The Priory of St Mary was moved from Runcorn to Norton in 1134 by William fitz William, third baron of Halton. Despite a major fire in 1236, Norton grew in size and stature to become an abbey in 1391, and its abbot was a senior and much respected member of the Augustinian Order. The abbey met its end in April 1536 under Henry VIII's dissolution of religious houses, and in 1545 the site was sold to the brook family, who adapted parts of the abbot's quarters, kitchens and west range to provide a comfortable family home. In the mid-eighteenth century, much of the house was demolished to make way for a fashionable classically inspired mansion, which was occupied until 1921 and finally demolished in 1928.
In 1966, the site was presented to Runcorn Development Corporation by Sir Richard Brooke. Ground-breaking excavations began in 1970, running until 1987, and exposing much of the site for investigation. The principal excavator, J Patrick Greene, published an excellent synthesis of the site in 1989, but the full stratigraphy and finds from the project remained unpublished.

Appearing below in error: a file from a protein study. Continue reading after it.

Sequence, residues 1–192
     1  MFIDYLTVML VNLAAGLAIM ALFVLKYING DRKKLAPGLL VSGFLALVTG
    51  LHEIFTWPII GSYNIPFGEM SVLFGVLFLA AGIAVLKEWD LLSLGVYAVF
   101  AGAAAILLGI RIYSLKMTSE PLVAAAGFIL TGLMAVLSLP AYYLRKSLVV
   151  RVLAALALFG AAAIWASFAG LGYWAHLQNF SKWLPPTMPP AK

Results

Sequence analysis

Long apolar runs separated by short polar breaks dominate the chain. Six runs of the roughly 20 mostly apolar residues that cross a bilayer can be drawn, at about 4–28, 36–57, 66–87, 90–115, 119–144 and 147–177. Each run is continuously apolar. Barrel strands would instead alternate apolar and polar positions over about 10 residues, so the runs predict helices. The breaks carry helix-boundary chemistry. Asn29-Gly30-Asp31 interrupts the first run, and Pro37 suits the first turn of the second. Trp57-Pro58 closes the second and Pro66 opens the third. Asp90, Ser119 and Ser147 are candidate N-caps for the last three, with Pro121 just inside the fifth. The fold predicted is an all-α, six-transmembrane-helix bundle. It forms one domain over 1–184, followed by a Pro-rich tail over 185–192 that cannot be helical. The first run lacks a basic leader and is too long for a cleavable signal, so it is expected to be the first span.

This book, funded by English Heritage, and supported by the Norton Priory Museum Trust, seeks to redress this, with a full account of the results of the excavations. Its production by Oxford Archaeology North drew together a team of specialists from a wide range of disciplines.